Monday, 15 June 2015

Art/Life/Life/Art

One of the great things about art, and one of the many reasons why we love it so much, is its ability to make us think. Our lives are so hectically busy and our time seems so commodified that it’s difficult to find a moment to really think about anything, so often we just barrel on ahead and leave the contemplation for another day when we have less to do. Good art cuts through that and makes us stop and think for a second. Great art stays with us and makes us think for the rest of the day/week/month, and may even change the way we think altogether.

Art acts as a space where we can explore the things that affect us, the things that confuse us, that we think are important, that make us feel. Art lets us express feelings we don’t understand yet, thoughts we don’t know how to put into words, and concepts that may be unacceptable in other aspects of society. There’s a reason why artists are seen as radicals, why so many are not appreciated in their time and why regressive dictatorships restrict artistic creation. Art moves us forward and allows us to grow and change. It challenges preconceived notions of what life is and how we have to live it. Art is always asking. Art never takes anything at face value. Art is revolution and riot. It burns down so we can rebuild.

The very act of creation is anti-establishment. To make something new suggests that what was already there is insufficient. Regardless of its content, art is already making a difference just by existing, by being a voice telling a story and by showing an individual’s view of the world. Art doesn’t have to be actively political to make a statement, but it’s important to celebrate and engage with the art that is.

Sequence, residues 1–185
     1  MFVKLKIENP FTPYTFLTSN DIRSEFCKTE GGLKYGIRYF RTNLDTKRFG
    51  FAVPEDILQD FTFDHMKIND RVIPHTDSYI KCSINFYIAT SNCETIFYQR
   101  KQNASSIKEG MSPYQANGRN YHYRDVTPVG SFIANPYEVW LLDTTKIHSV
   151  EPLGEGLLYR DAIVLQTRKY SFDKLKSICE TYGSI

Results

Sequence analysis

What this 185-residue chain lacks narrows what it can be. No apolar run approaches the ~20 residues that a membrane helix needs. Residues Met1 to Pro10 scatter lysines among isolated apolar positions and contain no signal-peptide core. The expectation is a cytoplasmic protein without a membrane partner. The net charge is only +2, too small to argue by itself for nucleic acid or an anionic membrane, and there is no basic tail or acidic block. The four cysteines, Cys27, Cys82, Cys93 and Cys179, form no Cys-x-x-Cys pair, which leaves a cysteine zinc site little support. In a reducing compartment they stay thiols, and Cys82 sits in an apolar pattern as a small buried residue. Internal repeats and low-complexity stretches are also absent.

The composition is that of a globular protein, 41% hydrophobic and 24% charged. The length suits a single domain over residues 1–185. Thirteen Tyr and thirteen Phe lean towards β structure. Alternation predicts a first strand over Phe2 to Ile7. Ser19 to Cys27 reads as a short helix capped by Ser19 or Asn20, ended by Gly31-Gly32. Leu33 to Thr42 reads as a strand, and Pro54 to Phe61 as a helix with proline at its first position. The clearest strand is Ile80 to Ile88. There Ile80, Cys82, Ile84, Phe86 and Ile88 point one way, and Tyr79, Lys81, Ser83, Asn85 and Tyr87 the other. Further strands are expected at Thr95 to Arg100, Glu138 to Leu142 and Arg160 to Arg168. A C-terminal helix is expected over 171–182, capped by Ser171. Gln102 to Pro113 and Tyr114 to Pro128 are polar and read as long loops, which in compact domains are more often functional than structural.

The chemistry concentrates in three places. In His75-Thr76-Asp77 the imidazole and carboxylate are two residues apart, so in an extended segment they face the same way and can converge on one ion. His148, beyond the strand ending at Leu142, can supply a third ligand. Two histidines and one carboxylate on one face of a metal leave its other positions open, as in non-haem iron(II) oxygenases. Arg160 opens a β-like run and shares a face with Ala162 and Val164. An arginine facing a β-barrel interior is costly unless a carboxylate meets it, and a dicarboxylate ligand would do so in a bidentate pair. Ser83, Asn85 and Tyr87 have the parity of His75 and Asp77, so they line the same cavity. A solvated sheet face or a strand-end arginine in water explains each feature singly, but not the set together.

Change is a process. Radical change doesn’t happen overnight, it evolves, and often that evolution takes time to really make itself known. It’s only then that we can look back and see what caused it, the small things, seemingly insignificant at the time, that built into a larger mind-set and ultimately tipped the scales in favour of progress. This is where we find art – political and otherwise – seeping into our lives in ways we may not even have noticed. When the US Supreme Court ruled Proposition 8 (legislature that banned same sex marriage in California) unconstitutional, and therefore opening the door to other states to achieve marriage equality, Vice President Joe Biden name-checked the long running, award winning 90s sitcom “Will and Grace” for its part in the fight for gay rights. “Will and Grace” was never an actively political show – its characters would of course make comments and jokes about the state of affairs, and occasionally episodes would focus on various injustices Will and Jack would face as gay men, but politics was never its main game. “Will and Grace” was there to make you laugh and in doing so it told a generation of people – a generation that grew up with homophobia as an unquestionable institution – that gay people weren’t evil, weren’t scary, weren’t trying to hurt anyone, that we were just trying to live our lives; our lives that looked a lot like theirs. Shows like “Will and Grace” and post Puppy Episode “Ellen” made gay people part of the furniture. It’s very difficult to hate a group of people when members of that group are on TV in your living rooms every week making you laugh. And gay rights isn’t the only revolution that was televised. Second wave feminism was helped along by shows like Murphy Brown which showed successful women in the workplace, the civil rights movement was buoyed by television about African American families like “Good Times”, and significant change is happening right now in the fight for rights and equality for transgender people, for whom the visibility in phenom shows such as Orange Is The New Black, whose trans character is played by trans actress Laverne Cox, is invaluable.